I’M AN ASSHOLE
Yes, you read that correctly (cue jokes from friends saying “Cam, I already knew that”). But, in recent times I have seriously come to this conclusion. For two reasons, both of which pretty much imply that there’s no way that I can’t be an asshole (which is also a realization that could only come from an asshole, a pessimistic one at that). I promise you that I will explain why.
I’m in a knock-down-drag-out fight with social media right now. The fight has only been exacerbated by the upcoming election which may or may not make me take a break from social media. That being said, some posts just don’t make sense in the context of other posts.
For example: it makes no sense to see a post about how the government shouldn’t do anything because we shouldn’t trust it, and follow it with a pro-life, anti-abortion post. Couple that with a post about how you don’t watch the news or read the newspaper because it spews lies, then another about which politician should win the election, and you’ve covered all your bases.
How would you even know who should win if you don’t watch or read the news? Did you attend a rally for that candidate in person? My initial thought is probably not until proven otherwise.
Those are more serious examples, but this one also kept popping up in my newsfeed a few weeks ago:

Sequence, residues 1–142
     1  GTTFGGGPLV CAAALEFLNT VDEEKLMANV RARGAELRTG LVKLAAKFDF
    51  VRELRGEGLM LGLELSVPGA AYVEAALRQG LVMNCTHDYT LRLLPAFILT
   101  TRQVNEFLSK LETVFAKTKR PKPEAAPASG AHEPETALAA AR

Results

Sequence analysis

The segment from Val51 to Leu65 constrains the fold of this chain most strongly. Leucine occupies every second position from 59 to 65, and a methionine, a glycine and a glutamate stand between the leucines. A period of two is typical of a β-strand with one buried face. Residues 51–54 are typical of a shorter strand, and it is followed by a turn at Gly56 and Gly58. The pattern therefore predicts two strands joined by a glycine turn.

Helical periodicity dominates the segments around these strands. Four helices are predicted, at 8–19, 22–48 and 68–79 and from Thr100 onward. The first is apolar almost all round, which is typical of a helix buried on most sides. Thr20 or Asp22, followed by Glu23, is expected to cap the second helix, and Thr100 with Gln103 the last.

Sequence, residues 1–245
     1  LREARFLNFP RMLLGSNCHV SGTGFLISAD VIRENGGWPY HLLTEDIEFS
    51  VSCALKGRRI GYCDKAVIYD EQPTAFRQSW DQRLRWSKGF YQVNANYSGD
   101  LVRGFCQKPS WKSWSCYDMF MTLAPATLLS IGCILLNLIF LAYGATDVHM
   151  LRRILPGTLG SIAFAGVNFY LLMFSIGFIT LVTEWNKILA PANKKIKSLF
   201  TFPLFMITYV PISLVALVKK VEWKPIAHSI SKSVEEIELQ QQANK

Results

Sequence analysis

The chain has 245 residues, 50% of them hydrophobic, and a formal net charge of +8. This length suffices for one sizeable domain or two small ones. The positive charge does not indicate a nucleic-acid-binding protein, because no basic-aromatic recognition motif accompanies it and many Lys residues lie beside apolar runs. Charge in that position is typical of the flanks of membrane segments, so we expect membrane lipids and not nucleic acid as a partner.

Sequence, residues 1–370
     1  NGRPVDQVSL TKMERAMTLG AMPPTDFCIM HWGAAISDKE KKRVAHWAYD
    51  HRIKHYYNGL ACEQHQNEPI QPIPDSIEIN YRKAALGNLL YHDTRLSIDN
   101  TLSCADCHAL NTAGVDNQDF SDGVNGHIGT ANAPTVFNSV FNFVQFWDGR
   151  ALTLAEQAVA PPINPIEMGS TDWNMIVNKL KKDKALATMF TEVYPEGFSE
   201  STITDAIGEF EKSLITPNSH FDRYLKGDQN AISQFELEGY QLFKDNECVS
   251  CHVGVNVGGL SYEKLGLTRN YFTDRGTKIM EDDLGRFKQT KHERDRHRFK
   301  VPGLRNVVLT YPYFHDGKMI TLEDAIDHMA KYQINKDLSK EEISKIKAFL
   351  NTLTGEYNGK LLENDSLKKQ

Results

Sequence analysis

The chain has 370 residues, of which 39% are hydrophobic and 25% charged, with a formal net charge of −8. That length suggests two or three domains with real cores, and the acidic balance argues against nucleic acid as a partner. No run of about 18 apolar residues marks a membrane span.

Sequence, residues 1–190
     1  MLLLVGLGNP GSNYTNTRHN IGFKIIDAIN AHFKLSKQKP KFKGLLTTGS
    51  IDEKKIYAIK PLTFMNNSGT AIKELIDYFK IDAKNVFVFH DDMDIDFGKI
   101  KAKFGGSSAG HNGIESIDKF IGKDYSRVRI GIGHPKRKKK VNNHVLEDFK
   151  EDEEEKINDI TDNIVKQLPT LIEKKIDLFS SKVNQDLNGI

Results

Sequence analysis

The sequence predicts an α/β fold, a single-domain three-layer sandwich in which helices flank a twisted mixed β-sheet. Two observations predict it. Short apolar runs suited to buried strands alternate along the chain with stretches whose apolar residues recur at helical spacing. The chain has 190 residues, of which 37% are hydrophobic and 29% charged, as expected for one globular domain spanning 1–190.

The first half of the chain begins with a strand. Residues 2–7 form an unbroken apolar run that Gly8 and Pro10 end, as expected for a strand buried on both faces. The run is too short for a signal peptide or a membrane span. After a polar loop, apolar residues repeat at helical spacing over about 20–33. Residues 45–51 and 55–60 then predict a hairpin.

Are you serious!? Technically isn’t he providing the media about “that sub eating guy” by posting this? Anyway, I won’t get into that issue too much, but it does provide a great transition into the first reason why I’m an asshole:
Reason #1: The Race Card
The issue stems from this question:
Why can’t we still do that? Read: why can’t we still call people on their racism (mostly when blatant)?
This is a legitimate issue and it all starts with “the race card”. I thought back to World History class my freshman year of high school when I heard the ever so eloquently put phrase “well, racism doesn’t really exist anymore.” I can’t even remember what chapter we were learning about but apparently it was the chapter when pigs flew, unicorns pranced about in fairy inhabited forests, and marijuana was legal everywhere (even the South). Maybe the Ottoman Empire? Either way, I looked to my left, then to my right, the one other black guy in my grade was nowhere to be found. I had to pull the dreaded race card, which today just means you’re taking a giant sports-proverbial “L” for black people if you are, like me, often the only black person present when a race card is pulled (most of the time by you or the one white person who always feels like they need to speak up for you).
You immediately become the race card asshole in just about every attempt to pull the race card on a serious issue. Granted, I do jokingly pull the race card on a good amount of trivial issues, but it’s exactly that, a joke. Either way, you’re threatening to disrupt a society where racial discussions have become taboo.